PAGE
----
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Re: "Largest" dinosaurs...
Mickey Mortimer wrote:
Megaraptor Novas 1998
M. namunhuaiquii Novas 1998
Holotype- (MCF-PVPH 79) ulna (332 mm), phalanx I-1 (188 mm), distal
metatarsal III (~453 mm), pedal ungual II (310 mm)
Further material is known for _Megaraptor_, including nice forelimb
material. It reveals that the "pedal ungual II" in the type material
actually belongs to the first digit of the hand. The new material also
nixes any idea that _Megaraptor_ might be a dromaeosaurid. I think it was
Mickey who first mentioned the reference on this list:
Calvo, J.O., Porfiri, J., Veralli, C. and Novas, F. (2002). _Megaraptor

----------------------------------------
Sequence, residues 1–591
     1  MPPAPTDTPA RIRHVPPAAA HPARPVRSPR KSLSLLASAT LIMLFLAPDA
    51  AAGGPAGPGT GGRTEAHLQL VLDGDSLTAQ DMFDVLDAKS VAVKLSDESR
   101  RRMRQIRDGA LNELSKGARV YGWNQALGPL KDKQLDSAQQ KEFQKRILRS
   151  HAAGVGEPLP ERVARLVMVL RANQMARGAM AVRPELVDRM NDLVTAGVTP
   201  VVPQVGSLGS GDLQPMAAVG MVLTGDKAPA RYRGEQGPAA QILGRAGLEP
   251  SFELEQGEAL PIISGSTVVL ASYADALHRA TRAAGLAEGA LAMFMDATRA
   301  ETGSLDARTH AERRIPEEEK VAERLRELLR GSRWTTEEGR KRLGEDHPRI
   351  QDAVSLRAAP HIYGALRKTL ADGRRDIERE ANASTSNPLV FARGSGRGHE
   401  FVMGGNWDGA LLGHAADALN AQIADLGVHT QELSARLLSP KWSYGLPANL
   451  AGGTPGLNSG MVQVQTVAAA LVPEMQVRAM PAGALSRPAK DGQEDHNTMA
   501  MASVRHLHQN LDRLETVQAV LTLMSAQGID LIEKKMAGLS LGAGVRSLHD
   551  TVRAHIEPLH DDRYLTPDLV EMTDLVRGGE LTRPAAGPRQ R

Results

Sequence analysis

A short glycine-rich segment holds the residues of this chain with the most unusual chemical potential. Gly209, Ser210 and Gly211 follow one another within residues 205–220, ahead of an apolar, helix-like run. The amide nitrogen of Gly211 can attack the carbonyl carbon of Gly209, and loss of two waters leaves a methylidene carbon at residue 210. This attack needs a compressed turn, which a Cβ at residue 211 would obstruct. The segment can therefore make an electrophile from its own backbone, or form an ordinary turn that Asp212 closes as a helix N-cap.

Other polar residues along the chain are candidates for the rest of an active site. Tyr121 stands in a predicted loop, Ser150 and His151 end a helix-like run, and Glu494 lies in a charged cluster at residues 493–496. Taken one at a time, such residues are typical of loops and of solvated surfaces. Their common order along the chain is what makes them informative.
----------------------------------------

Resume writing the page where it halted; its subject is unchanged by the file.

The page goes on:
namunhuaiquii_ (Novas, 1998), a new light about its phylogenetic
relationships. Primer Congreso latinoamericano de Paleontología de
Vertebrados. Santiago de Chile, October 2002. p.20.
> Wasn't Ultrasaurus based on a single leg?
You may be thinking of _Ultrasaurus tabriensis_, which was based on an
alleged ulna (actually, a partial humerus). The dimensions of this sauropod
were overstated due to misinterpretation of the material.
No, most of that leg was hypothetical. It was based on a dorsal vertebra
(belonging to Supersaurus) and a referred scapulocoracoid (belonging to
Yes, and thus _Ultrasaurus macintoshi_ is a junior synonym of _Supersaurus
vivianae_. (I heard a rumor recently that there is a move to sink _S.
vivianae_ into the genus _Barosaurus_ - is this true?)
(Tuscon Rock show) partial jaw (skull ~2500 mm)
Enjoy the holiday season with great tips from MSN.